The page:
Keywords: Outsourcing, Offshoring, Trade in Tasks
    JEL: F14 F16
    Date: 2014–10
  26. By: Martin Coiteux; Patrick Rizzetto; Lena Suchanek; Jane Voll
    Abstract: Canadian foreign direct investment and sales of Canadian multinational firms’ operations abroad, particularly in the manufacturing industry and in the United States, have accelerated sharply over the past decade. At the same time, although foreign demand has accelerated following the Great Recession, Canadian exports have failed to rebound as strongly as historical correlation would suggest. If part of Canadian firms’ investment abroad over the past decade was intended to replace their Canadian production and exports, it could help to explain recent export weakness. This paper investigates these issues in the Canadian forest products industry and the motor vehicle parts manufacturing industry, using a case study approach. Specifically, we examine 15 large, Canadian, publicly traded firms, dominant in each of these industries, over the period 2000-13. We triangulate (i) financial statement data and (ii) public statements about decisions to invest abroad with (iii) macroeconomic data on the activity of Canadian foreign affiliates, focusing on investments in the United States and Mexico. We find that over this period, the companies in the study increasingly chose to invest abroad, leading to a shift in relative operational capacity from Canada to locations abroad. Motives behind this trend include market-seeking objectives, as well as relative cost factors and strategic asset seeking abroad. This shift in the location of production capacity may, at least for the industries and the time period studied, help to explain the weakness in Canadian merchandise exports over the past years, since these firms increasingly choose to serve foreign demand through their operations abroad, rather than exclusively through exports.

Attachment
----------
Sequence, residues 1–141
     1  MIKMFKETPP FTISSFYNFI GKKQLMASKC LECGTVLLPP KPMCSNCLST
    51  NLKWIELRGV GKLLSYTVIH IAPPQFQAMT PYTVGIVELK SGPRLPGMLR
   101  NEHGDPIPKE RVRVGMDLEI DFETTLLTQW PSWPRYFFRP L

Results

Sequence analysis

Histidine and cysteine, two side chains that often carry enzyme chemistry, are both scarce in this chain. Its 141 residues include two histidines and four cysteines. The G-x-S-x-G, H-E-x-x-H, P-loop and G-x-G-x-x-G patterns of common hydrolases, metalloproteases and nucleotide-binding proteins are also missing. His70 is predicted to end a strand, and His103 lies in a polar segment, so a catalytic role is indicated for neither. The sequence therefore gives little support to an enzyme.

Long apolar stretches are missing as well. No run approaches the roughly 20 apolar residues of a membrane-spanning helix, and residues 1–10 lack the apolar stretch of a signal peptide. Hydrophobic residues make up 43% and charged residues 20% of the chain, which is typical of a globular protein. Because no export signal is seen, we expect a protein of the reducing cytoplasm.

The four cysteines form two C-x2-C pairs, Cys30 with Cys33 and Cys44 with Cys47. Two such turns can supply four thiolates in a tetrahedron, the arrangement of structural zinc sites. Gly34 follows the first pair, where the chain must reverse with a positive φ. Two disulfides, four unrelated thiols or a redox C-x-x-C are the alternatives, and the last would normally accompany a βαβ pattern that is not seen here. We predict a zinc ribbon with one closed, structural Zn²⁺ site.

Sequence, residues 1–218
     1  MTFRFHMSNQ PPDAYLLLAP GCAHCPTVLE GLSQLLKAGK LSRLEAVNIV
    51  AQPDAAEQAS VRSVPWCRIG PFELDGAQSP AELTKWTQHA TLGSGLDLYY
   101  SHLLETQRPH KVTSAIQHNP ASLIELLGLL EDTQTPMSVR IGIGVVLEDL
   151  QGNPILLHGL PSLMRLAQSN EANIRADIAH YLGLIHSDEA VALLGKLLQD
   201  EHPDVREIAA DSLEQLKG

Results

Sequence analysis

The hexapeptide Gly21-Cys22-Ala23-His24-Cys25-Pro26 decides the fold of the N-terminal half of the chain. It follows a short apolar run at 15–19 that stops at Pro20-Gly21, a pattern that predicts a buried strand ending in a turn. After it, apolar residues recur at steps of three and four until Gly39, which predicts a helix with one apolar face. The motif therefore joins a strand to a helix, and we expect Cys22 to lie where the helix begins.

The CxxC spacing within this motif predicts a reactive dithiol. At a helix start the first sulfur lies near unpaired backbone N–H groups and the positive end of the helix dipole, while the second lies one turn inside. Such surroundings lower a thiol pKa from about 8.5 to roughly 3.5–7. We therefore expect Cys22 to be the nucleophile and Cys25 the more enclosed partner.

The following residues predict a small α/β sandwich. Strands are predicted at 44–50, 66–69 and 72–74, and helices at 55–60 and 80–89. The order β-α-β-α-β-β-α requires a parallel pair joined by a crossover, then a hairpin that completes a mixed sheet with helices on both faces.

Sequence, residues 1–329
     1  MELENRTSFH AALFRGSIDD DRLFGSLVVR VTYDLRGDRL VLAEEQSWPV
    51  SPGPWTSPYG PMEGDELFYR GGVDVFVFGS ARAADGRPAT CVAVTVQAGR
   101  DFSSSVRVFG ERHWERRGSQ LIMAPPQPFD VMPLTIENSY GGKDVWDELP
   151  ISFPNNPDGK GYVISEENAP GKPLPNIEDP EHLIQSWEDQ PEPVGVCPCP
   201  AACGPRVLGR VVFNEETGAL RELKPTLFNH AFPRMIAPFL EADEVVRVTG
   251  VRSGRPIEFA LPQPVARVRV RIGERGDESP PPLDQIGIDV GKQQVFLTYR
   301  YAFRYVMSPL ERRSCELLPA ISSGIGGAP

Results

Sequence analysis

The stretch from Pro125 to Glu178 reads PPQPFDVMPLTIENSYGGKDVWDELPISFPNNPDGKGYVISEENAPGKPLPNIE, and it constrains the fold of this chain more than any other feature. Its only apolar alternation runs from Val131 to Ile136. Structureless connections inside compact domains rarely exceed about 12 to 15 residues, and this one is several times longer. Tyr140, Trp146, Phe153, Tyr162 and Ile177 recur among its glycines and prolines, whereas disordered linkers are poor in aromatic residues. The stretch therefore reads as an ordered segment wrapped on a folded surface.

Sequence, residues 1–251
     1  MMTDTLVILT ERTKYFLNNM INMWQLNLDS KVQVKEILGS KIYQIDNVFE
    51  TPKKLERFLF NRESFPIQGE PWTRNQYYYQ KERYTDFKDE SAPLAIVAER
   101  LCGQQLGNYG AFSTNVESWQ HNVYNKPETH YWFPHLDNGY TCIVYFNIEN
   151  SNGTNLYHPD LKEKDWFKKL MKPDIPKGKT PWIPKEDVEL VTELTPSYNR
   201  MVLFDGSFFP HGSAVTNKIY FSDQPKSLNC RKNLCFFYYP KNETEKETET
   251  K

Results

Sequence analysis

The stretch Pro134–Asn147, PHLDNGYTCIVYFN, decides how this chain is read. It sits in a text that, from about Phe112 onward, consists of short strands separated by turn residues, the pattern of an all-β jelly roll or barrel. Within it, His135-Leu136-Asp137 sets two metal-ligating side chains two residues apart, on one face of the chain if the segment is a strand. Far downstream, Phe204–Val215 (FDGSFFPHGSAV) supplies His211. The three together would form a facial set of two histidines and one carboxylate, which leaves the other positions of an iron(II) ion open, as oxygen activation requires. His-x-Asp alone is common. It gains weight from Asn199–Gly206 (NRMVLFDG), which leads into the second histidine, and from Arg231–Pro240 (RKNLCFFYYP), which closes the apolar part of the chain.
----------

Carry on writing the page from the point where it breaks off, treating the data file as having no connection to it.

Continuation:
Keywords: International topics; Recent economic and financial developments
    JEL: F10 F41 F21 F23
    Date: 2014
  27. By: Styliani Christodoulopoulou (European Central Bank); Olegs Tkacevs (Bank of Latvia)
    Abstract: This study is devoted to examing marginal effects of traditional determinants of exports and imports with a focus on the role of price competitiveness in restoring external balances. It is a first attempt to compare marginal effects of various harmonised competitiveness indicators (HCIs) on both exports and imports of both goods and services across individual euro area countries. We find evidence that the HCIs based on broader cost and price measures have a larger marginal effect (with some exceptions) on exports of goods. Exports of services are sensitive to the HCIs in large euro area countries and Slovakia, where exports of services are also found to be more sensitive to competitiveness indicators based on broader price measures. Imports of goods and imports of services are quite insensitive to the changes in relative prices. Finally, in some cases the measures of the goodness of fit indicate that a large unexplained residual part is present, implying that other non-price related factors might play an important role in driving foreign trade.
    Keywords: real exchange rate, exports, imports, price competitiveness, euro area
    JEL: F14 F31 F41
    Date: 2014–12–01
  28. By: Sunitha Raju (Indian Institute of Foreign Trade, Kolkata, India)